Seabird Species

Swift Tern

Swift Tern Sterna bergii

Janine le Roux
Animal Demography Unit

  Swift Tern Adult in Full Breeding Plumage
Photo Dieter Oschadleus
This Swift Tern was trapped on Robben Island on 3 May 2002. A metal ring was placed on the right leg, a red engraved Pro-Touch band on the left leg and the bird was marked with yellow picric dye to facilitate observations.

The Swift Tern, also known as the Greater Crested Tern, is found on coastlines in the south-east Atlantic Ocean, the Indian Ocean and the western Pacific Ocean. In southern Africa, Swift Terns are a common resident, found on marine shores and estuaries. There are approximatley 6000 breeding pairs, although the number breeding from year to year does vary. The non-breeding distribution extends from Luanda, Angola, to Kosi Bay, KwaZulu-Natal, South Africa. However breeding has been restricted to 27 identified localities between Swakopmund in Namibia to Stag Island, Algoa Bay, South Africa.

Usually only six to seven of the known breeding localities will be occupied in one breeding season. These are usually areas found between Saldhana Bay and Cape Town, indicating that 80% of the breeding takes place within the Benguela upwelling ecosystem. Swift Terns are nomadic between these different breeding sites and breeding usually peaks in February and March in the Western Cape. This is the late summer, early autumn period and most young have fledged by April and May.

  Swift Tern chick on Robben Island
Photo Kathy Calf
Recently hatched Swift Tern chick. Photo taken at Robben Island on 3 May 2002.

Swift Terns breed in colonies, usually on protected islands, and often in association with Hartlaub's Gulls. The nests are shallow scrapes, and usually on open flat ground. Egg laying is synchronised within the Swift Tern breeding groups, with one or two eggs per clutch. Incubation time is 28 days. Chicks remain in the nest for about four days, and can fly within two months. Most fledgling leave the colony with at least one parent and within 19 days of fledging. The majority of Swift Terns move up the east coast with their juveniles, towards KwaZulu-Natal, and some move up into Namibia. It has not as yet been determined if these juveniles are moving into nursery areas.

During the breeding season fish form 86% of all prey items taken; 60% of this pelagic shoaling fish of which the Cape Anchovy is the most abundant. Prey size taken to chicks can vary from 7 mm to 138 mm in length and from 0.1 g to 30 g in mass. Kelp Gulls, Hartlaub's Gulls and Sacred Ibises have been observed feeding on the eggs or nestlings of Swift Terns, particularly as a result of disturbance. Parental recognition of chicks takes place by means of a 'kurriet call' when visual contact is not possible.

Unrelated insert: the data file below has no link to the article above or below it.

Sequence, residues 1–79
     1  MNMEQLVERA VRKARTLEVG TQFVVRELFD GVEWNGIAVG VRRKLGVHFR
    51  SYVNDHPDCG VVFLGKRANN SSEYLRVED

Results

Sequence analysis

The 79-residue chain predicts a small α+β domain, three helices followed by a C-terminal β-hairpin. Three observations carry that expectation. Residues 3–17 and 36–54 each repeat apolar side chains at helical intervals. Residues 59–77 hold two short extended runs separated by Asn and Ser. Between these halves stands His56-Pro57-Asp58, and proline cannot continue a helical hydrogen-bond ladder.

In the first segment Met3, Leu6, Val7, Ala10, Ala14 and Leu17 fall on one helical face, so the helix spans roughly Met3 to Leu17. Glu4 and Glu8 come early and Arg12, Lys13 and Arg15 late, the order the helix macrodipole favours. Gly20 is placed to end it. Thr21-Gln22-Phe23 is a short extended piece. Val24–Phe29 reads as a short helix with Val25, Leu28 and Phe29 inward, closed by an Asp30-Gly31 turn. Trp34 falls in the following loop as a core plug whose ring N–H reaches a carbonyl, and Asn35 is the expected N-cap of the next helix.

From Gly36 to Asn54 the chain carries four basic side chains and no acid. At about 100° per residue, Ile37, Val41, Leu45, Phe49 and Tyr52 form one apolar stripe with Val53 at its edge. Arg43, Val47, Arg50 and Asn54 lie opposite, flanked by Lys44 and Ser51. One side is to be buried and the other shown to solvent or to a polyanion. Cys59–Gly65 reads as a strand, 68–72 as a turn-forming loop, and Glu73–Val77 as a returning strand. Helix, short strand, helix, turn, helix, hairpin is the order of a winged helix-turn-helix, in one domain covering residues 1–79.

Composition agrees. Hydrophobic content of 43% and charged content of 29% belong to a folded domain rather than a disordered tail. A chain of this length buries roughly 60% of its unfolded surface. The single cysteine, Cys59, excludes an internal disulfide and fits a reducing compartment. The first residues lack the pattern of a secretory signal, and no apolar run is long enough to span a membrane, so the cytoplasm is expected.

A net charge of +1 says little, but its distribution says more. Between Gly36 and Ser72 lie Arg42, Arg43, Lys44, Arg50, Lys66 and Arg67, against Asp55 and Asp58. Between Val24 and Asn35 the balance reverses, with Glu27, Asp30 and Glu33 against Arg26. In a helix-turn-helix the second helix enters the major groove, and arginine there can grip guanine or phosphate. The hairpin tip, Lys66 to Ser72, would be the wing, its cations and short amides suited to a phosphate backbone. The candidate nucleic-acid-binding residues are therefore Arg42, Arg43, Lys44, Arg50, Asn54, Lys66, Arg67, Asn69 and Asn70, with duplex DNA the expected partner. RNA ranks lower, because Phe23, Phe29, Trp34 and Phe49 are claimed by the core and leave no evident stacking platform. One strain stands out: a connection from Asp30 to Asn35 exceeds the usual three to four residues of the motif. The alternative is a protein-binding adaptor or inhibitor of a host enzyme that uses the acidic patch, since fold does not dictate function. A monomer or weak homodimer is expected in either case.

Further Reading

  • Cooper J, Crawford R.J.M., Suter W & Williams A.J. 1990. Distribution, Population size and conservation of the Swift Tern Sterna bergii in Southern Africa. Ostrich.61:56-65.
  • Crawford R.J.M 1997. Swift Terns, Sterna bergii In: The atlas of southern African birds. Vol.1: Non-passerines. Harrison J.A., Allan D.G., Underhill L.G., Herremans M., Tree A.J., Parker V. & Brown c.J. (eds) pp:470-471. Birdlife South Africa, Johannesburg.
  • Crawford R.J.M. & Dyer B. 2000. Swift Terns Sterna bergii breeding on roofs and at other new localities in southern Africa. Marine Ornithology. 28:123-124.
  • Heydorn M.J. & Williams A.J. 1993. Swift Terns: observations at Possession Island in 1988. Bontebok. 8:26-27.
  • Langham N.P. & Hulsman K. 1986. The breeding biology of the Crested Tern Sterna bergii. Emu. 86.23-32
  • Underhill L.G., Tree A.J., Oschadleus H.D. & Parker V. 1999. Review of Ring Recoveries of waterbirds in southern Africa. Avian Demography Unit, Cape Town.
  • Walter C.B., Cooper J. & Suter W. 1987. Diet of Swift Tern chicks in the Saldanha Bay Region, South Africa. Ostrich 58: 49-53.

If you are interested in Swift Terns have a look at the Swift Tern Project page.

Swift Tern chick on Robben Island
Photo Kathy Calf
Colony of Swift Terns and Hartlaub's Gulls
breeding on Robben Island. Taken in April 2002.